Does Parliamentary arithmetic add up to Brexit?

‘The fastest route for Mrs May to exit Downing Street is for her to make a compromise too far for mainstream Conservative Brexiteers’

Michael Mosbacher

When Theresa May announced last April that she would be seeking to call an early general election, her justification was that the Conservatives needed a larger majority to push through Brexit. Now the Conservatives have no parliamentary majority and rely on Northern Ireland’s DUP to keep them in office. Even these Unionist votes are not a boost to the government’s pro-Leave majority, as in the last Parliament the DUP’s contingent of MPs — then eight and now ten — could reliably be expected to vote for Brexit in any division. If May’s rationale had been correct in April, Brexit would now be in deep trouble — but it was not.

On the Second Reading of the European Union (Withdrawal) Bill last month the government secured a majority of 36, well above the effective majority of 13 the Conservative-DUP alliance enjoys. This is despite the fact that all the opposition parties whipped their MPs to vote against the bill. Seven passionately pro-Brexit Labour MPs — including Frank Field, Kate Hoey, John Mann, Dennis Skinner and Graham Stringer — voted with the Tories, with a further ten or so Labour MPs, including former senior minister Caroline Flint, defying the whip by choosing to abstain. Only one Conservative MP — Kenneth Clarke — rebelled by abstaining. It is clear that the government will enjoy comfortable Commons majorities on votes on the broad principle of leaving the EU.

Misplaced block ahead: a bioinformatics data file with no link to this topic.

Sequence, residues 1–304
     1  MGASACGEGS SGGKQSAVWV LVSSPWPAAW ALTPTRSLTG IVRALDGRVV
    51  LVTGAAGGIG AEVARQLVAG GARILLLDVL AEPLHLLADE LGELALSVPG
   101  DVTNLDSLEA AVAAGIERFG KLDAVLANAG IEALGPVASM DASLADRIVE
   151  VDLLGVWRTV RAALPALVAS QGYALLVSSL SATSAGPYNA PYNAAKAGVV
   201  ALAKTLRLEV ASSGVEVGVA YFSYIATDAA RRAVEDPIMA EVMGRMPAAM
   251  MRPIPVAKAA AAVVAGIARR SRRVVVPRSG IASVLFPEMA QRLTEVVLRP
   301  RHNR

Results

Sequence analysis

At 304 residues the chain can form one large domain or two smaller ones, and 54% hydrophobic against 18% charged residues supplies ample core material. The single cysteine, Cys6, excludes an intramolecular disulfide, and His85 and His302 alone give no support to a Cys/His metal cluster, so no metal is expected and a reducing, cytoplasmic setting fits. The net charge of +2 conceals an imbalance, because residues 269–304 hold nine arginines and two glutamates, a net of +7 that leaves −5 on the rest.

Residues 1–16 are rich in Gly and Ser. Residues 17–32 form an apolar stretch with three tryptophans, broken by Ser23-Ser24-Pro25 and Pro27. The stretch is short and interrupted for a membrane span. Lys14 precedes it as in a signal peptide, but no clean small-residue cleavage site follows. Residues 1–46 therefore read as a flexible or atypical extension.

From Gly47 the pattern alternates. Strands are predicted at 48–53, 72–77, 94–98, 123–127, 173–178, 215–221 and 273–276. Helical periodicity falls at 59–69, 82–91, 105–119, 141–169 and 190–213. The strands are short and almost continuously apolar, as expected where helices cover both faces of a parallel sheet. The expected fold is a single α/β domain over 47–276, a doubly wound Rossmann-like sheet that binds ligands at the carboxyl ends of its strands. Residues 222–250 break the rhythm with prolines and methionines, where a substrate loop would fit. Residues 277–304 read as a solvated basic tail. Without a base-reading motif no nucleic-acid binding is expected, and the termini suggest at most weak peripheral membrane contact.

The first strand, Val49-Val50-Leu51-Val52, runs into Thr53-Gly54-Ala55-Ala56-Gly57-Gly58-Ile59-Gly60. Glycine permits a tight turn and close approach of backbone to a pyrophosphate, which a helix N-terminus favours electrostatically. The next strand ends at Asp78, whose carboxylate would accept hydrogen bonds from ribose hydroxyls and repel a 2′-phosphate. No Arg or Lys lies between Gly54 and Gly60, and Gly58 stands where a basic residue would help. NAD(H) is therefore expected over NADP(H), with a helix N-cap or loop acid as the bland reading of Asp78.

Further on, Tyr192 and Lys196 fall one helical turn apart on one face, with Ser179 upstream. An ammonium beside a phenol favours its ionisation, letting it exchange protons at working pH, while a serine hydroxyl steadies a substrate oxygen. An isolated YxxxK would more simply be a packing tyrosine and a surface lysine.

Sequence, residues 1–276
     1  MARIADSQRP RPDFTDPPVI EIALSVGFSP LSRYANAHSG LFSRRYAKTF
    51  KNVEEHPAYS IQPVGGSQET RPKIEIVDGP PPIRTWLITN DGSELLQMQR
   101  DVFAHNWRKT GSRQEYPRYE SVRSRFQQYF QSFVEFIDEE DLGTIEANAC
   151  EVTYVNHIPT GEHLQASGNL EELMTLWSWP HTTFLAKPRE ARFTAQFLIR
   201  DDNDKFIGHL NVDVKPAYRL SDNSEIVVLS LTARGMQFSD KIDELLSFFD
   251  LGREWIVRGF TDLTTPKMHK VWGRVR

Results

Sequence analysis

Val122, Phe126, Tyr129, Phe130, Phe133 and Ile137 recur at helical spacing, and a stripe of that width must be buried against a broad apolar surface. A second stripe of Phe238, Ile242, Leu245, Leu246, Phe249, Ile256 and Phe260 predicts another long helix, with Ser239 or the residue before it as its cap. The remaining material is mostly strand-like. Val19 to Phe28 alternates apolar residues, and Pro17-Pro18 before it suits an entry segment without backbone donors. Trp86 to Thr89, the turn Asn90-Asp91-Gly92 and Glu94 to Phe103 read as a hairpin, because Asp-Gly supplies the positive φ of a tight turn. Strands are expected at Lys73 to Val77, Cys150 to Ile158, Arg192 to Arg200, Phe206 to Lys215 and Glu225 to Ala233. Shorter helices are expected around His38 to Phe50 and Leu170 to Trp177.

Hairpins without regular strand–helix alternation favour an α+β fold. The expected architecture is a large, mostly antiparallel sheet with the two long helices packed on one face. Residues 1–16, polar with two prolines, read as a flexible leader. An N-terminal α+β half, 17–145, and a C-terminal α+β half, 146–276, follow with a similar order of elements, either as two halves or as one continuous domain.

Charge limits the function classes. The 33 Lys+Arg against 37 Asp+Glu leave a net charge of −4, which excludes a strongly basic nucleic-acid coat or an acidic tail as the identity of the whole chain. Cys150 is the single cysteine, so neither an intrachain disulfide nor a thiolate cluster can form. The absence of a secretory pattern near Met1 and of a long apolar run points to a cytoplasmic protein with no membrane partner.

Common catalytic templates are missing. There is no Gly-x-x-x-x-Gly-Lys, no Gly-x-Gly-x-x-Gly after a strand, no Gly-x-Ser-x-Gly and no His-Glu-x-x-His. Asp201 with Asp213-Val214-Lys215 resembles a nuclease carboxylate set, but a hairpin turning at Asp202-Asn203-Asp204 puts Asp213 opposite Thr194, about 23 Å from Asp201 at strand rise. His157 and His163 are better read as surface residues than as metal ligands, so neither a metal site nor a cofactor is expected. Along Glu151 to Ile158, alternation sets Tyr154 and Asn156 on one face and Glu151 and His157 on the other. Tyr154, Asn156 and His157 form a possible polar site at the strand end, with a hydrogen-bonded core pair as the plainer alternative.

There will of course be MPs, including Labour leader Jeremy Corbyn and shadow chancellor John McDonnell, who will vote against Brexit at every opportunity, in an attempt to defeat and bring down the government, despite having a long record of support for leaving the EU. There is also a rather larger number of Tories who will support Brexit despite privately believing it to be a disastrous policy. Such political dishonesty, however, does not change the parliamentary arithmetic.

The bill now goes to committee stage. In this case, all MPs will take part in eight days of proceedings where the bill can be amended. The amendments will fall into three main categories. The first of these will be attempts to retain significant elements of EU membership after leaving the Union, such as continued membership of the single market or  the customs union. The second category will be moves to create extra hurdles, such as  a second referendum or further legislation, before the UK’s exit is finally approved. The government can rely on comfortably defeating both arguments. They will be seen by Labour pro-Brexit MPs for what they are — attempts to utterly frustrate Brexit or make Britain’s departure from the EU one in name only — and will thus be opposed by the Labour MPs who supported the government on second reading, and indeed others. Labour MPs representing strongly pro-Leave constituencies will think long and hard before doing anything to block Brexit.

Furthermore, the process of Brexit is an intergovernmental one. MPs voting to remain in the single market after we have left the EU can no more make this happen than they can turn the moon into cheese by voting for it. It could only be achieved if it is agreed between the UK government and the 27 other EU members.